* Stocks selloff lends some support to bonds
* But sentiment still weak on cbank worries
* Euro zone periphery govt bond yields http://tmsnrt.rs/2ii2Bqr (Adds graphic)
LONDON, Feb 9 (Reuters) - Euro zone bond prices edged higher on Friday as renewed equity market falls gave respite to a market where monetary tightening expectations have this week sent yields to multi-year highs.
World stocks were set for the biggest weekly decline since 2011, with the U.S. Dow Jones index shedding more than 4 percent on Thursday. Chinese markets fell 4 percent on Friday while European shares were down 1.5 percent.
That kept German Bund yields steady around 0.76 percent , below 2-1/2 year highs of just above 0.80 percent.
Most other 10-year bond yields in the euro area also eased a touch while U.S. 10-year yields, which on Thursday approached four-year highs hit earlier this week, also eased.
"The risk-off sentiment in global markets should ultimately support sentiment in bond markets," Commerzbank strategist Michael Leister, said.
However, the modest relief comes after Germany, the euro zone's powerhouse economy and its benchmark bond issuer, has seen 10-year bond yields rise for seven straight weeks - the longest stretch of weekly rises since 2007.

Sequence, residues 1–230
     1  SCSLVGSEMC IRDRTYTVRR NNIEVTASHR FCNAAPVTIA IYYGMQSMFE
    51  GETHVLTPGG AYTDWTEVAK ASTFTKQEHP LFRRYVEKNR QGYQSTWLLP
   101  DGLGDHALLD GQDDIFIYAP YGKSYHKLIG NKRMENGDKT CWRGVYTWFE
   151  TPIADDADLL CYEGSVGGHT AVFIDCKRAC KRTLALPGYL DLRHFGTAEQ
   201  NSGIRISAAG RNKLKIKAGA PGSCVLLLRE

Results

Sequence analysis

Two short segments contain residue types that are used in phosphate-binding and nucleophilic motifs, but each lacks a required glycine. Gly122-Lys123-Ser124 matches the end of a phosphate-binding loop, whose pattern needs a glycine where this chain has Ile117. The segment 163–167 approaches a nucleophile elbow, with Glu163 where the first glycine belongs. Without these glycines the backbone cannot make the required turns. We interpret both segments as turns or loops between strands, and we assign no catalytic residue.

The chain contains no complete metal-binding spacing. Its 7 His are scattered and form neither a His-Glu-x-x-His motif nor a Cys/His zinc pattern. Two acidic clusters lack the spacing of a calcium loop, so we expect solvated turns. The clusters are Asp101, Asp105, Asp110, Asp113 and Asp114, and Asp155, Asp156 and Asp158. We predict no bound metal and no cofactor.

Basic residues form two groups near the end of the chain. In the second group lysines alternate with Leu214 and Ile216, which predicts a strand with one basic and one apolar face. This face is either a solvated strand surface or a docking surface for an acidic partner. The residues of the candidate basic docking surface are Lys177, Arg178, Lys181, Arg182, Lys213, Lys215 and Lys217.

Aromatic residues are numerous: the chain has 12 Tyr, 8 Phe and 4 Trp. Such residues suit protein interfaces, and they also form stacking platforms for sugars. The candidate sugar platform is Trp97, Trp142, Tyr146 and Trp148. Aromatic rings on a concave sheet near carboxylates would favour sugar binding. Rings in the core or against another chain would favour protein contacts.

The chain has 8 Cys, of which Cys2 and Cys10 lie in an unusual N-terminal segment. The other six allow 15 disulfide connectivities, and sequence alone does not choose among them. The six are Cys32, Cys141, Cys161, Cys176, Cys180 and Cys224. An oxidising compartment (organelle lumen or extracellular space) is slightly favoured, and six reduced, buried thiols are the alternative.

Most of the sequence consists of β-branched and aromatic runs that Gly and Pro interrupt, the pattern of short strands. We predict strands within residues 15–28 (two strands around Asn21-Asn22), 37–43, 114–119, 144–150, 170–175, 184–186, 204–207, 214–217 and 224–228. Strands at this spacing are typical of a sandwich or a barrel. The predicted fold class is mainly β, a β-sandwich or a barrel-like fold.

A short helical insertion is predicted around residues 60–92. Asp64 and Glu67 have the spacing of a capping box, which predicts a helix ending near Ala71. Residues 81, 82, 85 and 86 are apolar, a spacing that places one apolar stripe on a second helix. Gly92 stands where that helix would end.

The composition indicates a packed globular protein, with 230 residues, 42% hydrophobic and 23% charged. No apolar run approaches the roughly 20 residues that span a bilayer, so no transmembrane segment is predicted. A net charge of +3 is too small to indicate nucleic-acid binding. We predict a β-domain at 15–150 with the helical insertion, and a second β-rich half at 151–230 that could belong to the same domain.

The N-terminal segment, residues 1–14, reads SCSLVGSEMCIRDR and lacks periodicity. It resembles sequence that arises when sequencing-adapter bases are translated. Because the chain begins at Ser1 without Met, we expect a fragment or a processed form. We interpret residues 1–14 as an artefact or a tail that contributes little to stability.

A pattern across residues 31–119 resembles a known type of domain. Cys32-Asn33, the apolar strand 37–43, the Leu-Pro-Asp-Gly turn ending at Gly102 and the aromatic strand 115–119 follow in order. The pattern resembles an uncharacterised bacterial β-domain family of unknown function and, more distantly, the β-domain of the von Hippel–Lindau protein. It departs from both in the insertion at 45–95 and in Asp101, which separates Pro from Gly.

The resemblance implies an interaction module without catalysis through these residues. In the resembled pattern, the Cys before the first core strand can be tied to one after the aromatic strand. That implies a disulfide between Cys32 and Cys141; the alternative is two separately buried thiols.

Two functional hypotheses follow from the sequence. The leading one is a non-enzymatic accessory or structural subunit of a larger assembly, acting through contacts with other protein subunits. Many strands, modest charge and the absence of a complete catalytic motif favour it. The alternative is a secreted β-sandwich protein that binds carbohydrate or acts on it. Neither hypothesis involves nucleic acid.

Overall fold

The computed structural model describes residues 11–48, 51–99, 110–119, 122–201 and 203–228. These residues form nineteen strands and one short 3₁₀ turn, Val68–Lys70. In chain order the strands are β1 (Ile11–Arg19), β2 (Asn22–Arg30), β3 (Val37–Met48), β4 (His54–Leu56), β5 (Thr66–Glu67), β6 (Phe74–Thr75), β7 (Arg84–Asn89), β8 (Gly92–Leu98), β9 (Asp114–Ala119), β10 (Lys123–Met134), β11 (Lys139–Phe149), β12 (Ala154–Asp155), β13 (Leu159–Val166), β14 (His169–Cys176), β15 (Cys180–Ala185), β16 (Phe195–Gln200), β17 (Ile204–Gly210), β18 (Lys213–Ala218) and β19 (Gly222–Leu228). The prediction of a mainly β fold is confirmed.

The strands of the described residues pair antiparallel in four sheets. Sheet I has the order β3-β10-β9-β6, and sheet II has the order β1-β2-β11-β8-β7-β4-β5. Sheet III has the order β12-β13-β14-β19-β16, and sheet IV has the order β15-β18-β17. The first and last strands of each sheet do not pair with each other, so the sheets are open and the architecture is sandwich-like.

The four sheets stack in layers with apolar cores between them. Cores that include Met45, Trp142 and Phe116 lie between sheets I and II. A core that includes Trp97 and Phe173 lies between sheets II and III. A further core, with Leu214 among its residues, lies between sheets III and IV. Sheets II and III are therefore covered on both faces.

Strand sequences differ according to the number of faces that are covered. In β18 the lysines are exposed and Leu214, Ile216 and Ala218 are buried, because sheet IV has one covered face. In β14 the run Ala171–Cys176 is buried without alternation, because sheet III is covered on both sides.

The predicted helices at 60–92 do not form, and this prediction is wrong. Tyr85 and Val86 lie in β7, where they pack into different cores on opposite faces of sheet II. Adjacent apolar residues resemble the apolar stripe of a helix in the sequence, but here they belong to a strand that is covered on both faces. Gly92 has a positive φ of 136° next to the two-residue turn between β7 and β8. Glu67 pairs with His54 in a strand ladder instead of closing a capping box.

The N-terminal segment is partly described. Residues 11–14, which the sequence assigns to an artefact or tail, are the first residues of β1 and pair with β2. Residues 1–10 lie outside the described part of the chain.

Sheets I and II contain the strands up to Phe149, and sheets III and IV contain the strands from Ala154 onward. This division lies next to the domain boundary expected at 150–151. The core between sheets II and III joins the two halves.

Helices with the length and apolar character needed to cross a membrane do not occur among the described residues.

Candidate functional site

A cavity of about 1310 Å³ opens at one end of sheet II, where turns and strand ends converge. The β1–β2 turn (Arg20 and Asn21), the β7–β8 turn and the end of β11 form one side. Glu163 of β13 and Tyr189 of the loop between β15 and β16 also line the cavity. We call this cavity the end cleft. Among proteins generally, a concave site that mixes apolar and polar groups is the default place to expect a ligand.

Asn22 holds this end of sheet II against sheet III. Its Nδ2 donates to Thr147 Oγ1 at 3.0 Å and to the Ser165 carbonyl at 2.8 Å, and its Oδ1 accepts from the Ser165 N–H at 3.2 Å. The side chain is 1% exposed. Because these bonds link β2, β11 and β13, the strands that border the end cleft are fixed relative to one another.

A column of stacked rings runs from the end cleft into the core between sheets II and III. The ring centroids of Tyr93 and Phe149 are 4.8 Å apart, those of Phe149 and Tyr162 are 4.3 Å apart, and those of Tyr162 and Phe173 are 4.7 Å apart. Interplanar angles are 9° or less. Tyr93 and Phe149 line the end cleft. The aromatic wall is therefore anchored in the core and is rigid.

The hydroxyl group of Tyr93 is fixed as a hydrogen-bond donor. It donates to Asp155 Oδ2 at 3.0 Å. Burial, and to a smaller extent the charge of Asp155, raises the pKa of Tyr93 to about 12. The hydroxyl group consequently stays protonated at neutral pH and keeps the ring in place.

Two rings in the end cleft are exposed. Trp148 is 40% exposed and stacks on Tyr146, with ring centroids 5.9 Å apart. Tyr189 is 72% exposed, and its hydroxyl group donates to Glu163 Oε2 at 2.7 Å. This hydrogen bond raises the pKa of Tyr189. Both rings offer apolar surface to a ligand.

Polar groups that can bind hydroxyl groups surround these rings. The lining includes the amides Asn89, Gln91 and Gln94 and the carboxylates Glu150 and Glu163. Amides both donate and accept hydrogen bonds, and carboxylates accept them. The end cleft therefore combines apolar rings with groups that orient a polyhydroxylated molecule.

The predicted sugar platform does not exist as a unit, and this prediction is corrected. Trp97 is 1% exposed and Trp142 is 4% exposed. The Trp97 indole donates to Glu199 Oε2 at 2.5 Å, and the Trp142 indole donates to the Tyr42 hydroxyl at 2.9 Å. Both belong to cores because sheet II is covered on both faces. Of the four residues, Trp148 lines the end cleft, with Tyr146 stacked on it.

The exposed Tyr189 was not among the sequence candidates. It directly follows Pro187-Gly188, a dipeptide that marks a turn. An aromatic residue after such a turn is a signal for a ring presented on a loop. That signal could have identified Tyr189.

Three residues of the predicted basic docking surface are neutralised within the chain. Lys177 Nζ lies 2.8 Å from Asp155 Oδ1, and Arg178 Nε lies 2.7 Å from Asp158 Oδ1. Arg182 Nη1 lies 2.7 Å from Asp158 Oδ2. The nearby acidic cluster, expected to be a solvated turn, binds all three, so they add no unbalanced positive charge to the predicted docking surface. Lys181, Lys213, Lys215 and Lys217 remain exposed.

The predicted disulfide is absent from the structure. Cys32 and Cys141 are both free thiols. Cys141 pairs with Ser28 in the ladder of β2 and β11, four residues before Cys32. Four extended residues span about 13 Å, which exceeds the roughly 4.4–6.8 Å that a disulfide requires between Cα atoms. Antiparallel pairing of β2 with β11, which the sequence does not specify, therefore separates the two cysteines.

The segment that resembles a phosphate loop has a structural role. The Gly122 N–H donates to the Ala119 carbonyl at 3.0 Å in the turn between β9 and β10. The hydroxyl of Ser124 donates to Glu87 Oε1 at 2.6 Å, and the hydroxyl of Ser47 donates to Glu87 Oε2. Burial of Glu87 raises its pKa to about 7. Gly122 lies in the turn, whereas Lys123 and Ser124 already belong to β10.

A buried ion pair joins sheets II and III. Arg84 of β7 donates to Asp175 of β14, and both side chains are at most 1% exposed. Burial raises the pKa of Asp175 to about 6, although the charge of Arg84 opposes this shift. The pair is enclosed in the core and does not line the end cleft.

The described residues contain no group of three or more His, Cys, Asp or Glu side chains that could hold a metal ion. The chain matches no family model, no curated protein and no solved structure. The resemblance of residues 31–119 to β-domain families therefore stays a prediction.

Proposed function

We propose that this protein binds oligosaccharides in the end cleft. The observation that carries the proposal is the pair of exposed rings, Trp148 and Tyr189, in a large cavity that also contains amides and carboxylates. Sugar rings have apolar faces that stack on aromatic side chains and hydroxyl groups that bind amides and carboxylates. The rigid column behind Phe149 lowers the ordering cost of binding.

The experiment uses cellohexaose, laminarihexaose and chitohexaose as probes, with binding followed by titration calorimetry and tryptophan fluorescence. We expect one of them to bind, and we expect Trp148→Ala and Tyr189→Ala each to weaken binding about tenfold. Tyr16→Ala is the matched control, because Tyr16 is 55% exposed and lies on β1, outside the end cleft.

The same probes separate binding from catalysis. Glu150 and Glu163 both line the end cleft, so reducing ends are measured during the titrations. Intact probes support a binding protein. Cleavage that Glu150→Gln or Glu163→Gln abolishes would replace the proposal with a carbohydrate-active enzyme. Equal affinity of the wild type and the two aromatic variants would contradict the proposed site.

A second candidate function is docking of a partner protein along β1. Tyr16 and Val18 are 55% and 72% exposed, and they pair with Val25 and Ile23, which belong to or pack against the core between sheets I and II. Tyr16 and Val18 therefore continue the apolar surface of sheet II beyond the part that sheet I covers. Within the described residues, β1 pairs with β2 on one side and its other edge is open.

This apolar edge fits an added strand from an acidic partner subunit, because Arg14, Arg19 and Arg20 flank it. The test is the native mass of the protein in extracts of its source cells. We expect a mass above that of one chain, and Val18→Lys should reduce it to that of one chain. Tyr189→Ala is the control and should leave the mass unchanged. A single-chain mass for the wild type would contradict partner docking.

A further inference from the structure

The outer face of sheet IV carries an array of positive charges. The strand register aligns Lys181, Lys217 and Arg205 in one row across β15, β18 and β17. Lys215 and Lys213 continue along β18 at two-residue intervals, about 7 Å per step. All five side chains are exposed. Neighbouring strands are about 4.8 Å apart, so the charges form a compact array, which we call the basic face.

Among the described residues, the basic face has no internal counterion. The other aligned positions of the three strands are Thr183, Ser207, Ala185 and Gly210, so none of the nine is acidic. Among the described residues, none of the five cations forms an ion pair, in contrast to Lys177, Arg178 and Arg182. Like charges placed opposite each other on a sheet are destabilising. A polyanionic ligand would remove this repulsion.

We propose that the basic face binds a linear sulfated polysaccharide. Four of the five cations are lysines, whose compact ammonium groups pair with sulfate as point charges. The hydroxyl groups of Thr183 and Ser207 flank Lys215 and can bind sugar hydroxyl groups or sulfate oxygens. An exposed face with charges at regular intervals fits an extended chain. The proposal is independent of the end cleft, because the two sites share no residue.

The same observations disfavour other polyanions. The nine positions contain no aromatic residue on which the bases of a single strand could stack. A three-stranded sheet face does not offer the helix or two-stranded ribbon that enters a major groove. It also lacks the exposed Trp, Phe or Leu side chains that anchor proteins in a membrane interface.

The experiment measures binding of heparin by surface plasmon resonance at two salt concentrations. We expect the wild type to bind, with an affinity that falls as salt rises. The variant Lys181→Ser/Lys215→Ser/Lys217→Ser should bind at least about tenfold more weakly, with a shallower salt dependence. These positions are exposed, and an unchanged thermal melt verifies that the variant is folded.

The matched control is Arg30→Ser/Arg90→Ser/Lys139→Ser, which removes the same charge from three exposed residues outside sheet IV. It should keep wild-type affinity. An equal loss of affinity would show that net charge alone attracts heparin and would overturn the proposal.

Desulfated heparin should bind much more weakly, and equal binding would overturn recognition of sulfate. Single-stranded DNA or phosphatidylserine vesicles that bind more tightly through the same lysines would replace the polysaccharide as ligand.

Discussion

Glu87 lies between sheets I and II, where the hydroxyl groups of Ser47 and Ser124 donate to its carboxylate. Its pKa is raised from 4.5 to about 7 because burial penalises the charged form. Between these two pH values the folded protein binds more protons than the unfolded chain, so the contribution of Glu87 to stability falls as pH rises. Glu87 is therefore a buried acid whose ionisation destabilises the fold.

If Bund yields end this week higher, that would mark the longest run of weekly rises in 16 years.
Nick Wall, a portfolio manager at Old Mutual Global Investors, said that despite the recent rise, Bund yields remained at "artificially depressed" levels and predicted them to rise another 10-15 basis points in the next six month.
"We expect the general bond selloff to continue and yields to rise meaningfully," he said.
Borrowing costs in Europe and the United States rose sharply after the Bank of England said on Thursday interest rates probably needed to rise sooner and by a bit more than it had previously thought, given a stronger global economy.
"Yesterday's hawkish Bank of England caused the market to reprice all developed market central bank paths steeper," said Peter Chatwell, head of rates strategy at Mizuho in London.
The U.S. Federal Reserve's William Dudley also signalled his support for a March rate rise despite market volatility.
Wall at Old Mutual added it had been clear for a while that "government spending would pick up and end austerity which brings better growth, inflation and bond supply, all of which would be negative for bonds."
(Reporting by Dhara Ranasinghe and Sujata Rao; Editing by Peter Graff and Alexander Smith)